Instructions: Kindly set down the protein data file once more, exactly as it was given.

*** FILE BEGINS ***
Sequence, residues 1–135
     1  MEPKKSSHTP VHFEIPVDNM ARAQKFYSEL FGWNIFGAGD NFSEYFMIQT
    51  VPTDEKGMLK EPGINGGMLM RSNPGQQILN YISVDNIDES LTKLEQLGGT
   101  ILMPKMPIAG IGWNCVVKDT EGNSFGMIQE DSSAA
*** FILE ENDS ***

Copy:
Sequence, residues 1–135
     1  MEPKKSSHTP VHFEIPVDNM ARAQKFYSEL FGWNIFGAGD NFSEYFMIQT
    51  VPTDEKGMLK EPGINGGMLM RSNPGQQILN YISVDNIDES LTKLEQLGGT
   101  ILMPKMPIAG IGWNCVVKDT EGNSFGMIQE DSSAA